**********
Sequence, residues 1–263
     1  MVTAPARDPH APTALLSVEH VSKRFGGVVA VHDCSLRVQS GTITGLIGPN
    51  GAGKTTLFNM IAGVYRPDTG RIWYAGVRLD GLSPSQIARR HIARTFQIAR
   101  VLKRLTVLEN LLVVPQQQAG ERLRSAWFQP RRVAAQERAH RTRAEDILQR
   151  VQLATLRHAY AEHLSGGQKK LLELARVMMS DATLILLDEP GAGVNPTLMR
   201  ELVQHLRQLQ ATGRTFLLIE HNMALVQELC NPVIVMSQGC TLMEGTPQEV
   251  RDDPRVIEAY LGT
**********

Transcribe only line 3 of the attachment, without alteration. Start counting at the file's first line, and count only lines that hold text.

    51  GAGKTTLFNM IAGVYRPDTG RIWYAGVRLD GLSPSQIARR HIARTFQIAR